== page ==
• Los Angeles Zoo and Botanical Gardens (LA Zoo), 5333 Zoo Drive, (323) 644-4200, [12]. 10:00 am - 5:00 pm. The L.A. Zoo has been welcoming visitors since 1966. As much a botanical garden as a zoo, the grounds are thick with mature shade trees from around the world that help cool its visitors and new habitats. The zoo's latest attraction is the Rainforest of the Americas, a new habitat which opens in the spring of 2014 and features more than 20 different animal species and plants which exemplifies the extraordinary diversity of life on our planet. Other recently added attractions include the LAIR (Living Amphibian, Invertebrates, and Reptiles) which opened in 2012. Elephants of Asia, which tracks the history and culture of the animal through Cambodia, China, India, and Thailand debuted in 2010 and Campo Gorilla Reserve, a habitat for seven African lowland gorillas that closely resembles their native West African homeland. There's also the Sea Lion Cliffs habitat, where visitors can view the saltwater habitat from an underwater glass viewing area; the Jane Goodall-approved Chimpanzees of the Mahale Mountains habitat, where visitors can see plenty of primate activity; and the Red Ape Rainforest, a natural orangutan habitat. Kids will also enjoy the Winnick Family Children's Zoo, which contains a petting area, exhibition animal-care center, as well as taking a spin on the Tom Mankiewicz Conservation Carousel, or any of the zoo’s other kid-hip exhibits and activities. $14-$19.  edit

Do[edit][add listing]

  • Dolby Theatre, 6801 Hollywood Bld, +1 323 308-6300, [13]. Located at the Hollywood & Highland Center (see "Buy" below). Hosts a wide range of live performances, including the annual Academy Awards.  edit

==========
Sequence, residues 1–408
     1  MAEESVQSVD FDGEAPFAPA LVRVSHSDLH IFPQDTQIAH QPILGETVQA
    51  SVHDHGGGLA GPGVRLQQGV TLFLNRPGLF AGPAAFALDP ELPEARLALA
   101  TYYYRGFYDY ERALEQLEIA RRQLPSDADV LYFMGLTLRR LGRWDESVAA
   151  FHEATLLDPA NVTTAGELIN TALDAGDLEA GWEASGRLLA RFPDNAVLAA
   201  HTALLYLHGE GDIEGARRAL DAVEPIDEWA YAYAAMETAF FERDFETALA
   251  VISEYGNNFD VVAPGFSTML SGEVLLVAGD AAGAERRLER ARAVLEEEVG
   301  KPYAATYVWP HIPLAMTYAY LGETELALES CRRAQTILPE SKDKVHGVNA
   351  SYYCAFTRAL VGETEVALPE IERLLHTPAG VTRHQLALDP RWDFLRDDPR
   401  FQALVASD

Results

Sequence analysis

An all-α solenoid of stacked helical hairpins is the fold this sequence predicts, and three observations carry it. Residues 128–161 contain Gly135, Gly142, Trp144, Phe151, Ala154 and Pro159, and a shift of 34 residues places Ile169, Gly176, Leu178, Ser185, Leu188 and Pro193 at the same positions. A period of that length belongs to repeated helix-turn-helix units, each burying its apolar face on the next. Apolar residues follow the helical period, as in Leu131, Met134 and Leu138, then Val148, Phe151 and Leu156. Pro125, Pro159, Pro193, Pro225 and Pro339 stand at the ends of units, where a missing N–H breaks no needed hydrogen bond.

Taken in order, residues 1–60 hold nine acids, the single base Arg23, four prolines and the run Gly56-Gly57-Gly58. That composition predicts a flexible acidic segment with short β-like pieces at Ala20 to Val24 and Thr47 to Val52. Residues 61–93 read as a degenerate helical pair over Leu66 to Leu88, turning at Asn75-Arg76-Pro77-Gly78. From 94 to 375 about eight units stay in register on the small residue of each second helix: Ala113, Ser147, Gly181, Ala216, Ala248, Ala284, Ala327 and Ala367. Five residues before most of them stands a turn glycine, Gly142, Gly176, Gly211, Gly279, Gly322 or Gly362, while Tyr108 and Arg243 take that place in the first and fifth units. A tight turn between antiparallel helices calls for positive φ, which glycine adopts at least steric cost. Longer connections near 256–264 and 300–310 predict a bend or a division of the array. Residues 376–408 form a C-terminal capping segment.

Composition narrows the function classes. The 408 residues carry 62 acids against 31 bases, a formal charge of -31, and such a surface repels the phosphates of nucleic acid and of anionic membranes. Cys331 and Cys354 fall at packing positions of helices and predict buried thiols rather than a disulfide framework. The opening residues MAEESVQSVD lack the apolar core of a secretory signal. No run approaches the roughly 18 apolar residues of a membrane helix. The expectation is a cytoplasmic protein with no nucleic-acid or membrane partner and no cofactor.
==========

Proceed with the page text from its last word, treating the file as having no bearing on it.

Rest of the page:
• Hollywood Bowl, 2301 North Highland Avenue, +1 323 426-2829, [14]. America's most famous outdoor theatre hosts the Los Angeles Philharmonic Orchestra as well as numerous other concert events. Traffic and parking can be a nightmare, so the $5 round-trip public shuttles [15] are highly recommended.  edit
  • Cinespia Movie Screenings, Hollywood Forever Cemetery, 6000 Santa Monica Blvd, (), [16]. Saturdays at 7PM, May-September. The Cinespia film society screens creepy older movies (recent showings include The Shining, Pee Wee's Big Adventure and Invasion of the Body Snatchers) every Saturday during the summer in the Hollywood Forever Cemetery, with most proceeds going toward cemetery restoration. Crowds can be huge, so arrive prior to gates opening if you want a good vantage point. Most people bring a picnic dinner, blanket and jacket, and a DJ plays music prior to the showing to create a fun outdoor atmosphere. Parking is free within the cemetery, but a $10 donation is required for each person.  edit
  • Mulholland Drive, Mulholland Drive (Hollywood Hills). If you have a car, it is worth driving up to Mulholland Drive - the home of the stars. Apart from star seeking, the views across Los Angeles and San Fernando Valley are breathtaking.  edit

Buy[edit][add listing]

Hollywood Blvd. has countless urban clothing stores. Walk around and find stores with the latest LNG, Phat Farm, Timberland, Sean John, and many more. Melrose Avenue is the to go to place to feel like a star. Start by browsing through vintage clothing stores to maxing out the credit card at chic boutiques.

Shopping Centers[edit]

  • Beverly Center, 8500 Beverly Center. This shopping center includes 200 stores over 8 different levels. Great view of the city from the top floor of the mall.  edit